at least one cellphone video. Earlier this week, it was reported the police chief had decided to fire one of the officers involved and suspend the other (even though prosecutors had previously declined to press charges against the cops, saying there was not enough evidence to prove beyond a reasonable doubt the use of force was unreasonable). The disciplinary action, of course, is not final because of a union grievance process.Last August, Eric Hightower was maced repeatedly by police and kicked in the face while he was down during an arrest in St. Paul, for allegedly threatening his ex-girlfriend, that was caught on
Police also released video from inside the back of the patrol car, which showed one of the cops, Matthew Gorans (who the police chief said was fired, even though he remains listed as a city employee), appearing to mace Hightower in the ear after pulling him completely inside the squad car. In addition to challenging the disciplinary actions the police chief is trying to take against the officers, the St. Paul Police Federation is now suing the city for releasing the squad car video without first obscuring Gorans’ face, after the union asked the city not to release the video. They’re claiming the officer has a right to privacy that should preclude the city from releasing video of a city employee abusing his authority in a city-owned car caught on a city-owned camera. Don’t forget public employees enjoy these privileges because they’re heroes.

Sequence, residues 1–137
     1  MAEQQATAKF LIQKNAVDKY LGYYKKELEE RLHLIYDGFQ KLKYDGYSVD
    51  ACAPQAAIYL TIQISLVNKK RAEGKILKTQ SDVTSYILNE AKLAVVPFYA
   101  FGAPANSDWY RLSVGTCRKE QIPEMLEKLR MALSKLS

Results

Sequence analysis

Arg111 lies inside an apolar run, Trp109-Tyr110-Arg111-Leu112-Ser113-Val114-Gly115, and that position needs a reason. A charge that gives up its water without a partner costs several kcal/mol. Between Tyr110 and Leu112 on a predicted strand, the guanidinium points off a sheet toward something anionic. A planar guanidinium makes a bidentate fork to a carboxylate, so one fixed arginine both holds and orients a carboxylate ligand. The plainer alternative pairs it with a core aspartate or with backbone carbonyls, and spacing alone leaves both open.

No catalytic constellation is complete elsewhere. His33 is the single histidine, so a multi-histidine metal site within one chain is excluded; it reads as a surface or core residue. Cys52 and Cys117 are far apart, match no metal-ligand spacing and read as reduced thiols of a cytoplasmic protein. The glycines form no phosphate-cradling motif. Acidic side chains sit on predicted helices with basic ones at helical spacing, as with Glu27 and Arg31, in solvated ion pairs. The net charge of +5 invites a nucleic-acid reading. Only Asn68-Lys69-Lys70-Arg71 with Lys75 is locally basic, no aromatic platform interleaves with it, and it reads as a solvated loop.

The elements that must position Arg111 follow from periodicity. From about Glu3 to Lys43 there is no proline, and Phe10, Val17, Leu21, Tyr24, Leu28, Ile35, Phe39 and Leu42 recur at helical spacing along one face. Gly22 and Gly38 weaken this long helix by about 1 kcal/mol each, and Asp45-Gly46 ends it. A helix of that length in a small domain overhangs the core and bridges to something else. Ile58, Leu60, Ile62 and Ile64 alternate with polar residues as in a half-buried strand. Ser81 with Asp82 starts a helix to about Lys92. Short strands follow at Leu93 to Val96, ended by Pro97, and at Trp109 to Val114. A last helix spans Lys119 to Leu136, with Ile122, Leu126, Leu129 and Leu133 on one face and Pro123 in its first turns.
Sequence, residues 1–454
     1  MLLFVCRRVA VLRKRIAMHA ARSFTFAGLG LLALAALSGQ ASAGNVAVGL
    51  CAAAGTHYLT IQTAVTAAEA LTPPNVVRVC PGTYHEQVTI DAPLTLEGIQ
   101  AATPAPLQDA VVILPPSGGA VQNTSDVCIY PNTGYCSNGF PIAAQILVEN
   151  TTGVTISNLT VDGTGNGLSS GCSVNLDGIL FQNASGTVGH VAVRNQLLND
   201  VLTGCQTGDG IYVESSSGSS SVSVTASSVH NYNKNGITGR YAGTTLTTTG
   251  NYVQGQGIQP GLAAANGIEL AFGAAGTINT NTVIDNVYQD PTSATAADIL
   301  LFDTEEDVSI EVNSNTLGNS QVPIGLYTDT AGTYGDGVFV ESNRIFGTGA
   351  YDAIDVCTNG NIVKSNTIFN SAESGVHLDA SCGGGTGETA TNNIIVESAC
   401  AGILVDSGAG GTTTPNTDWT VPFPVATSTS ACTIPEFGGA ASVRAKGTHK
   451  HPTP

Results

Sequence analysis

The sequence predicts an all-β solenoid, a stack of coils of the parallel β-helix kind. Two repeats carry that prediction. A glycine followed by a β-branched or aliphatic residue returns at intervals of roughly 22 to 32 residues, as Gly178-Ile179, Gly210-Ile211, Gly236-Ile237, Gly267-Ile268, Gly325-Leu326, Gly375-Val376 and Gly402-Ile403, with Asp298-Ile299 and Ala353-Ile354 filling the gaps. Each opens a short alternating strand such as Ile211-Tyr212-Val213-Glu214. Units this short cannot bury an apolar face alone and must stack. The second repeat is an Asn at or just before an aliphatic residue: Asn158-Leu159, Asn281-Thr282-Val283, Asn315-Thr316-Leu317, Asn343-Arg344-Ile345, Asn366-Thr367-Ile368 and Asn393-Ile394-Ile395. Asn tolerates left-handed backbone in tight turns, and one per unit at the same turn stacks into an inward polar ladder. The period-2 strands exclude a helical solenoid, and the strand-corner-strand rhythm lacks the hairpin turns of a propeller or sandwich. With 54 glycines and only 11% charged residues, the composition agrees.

Here’s the video from inside the patrol car over which the union is suing:
And here’s dashcam video that was also released this week.
h/t sloopyinca for the original story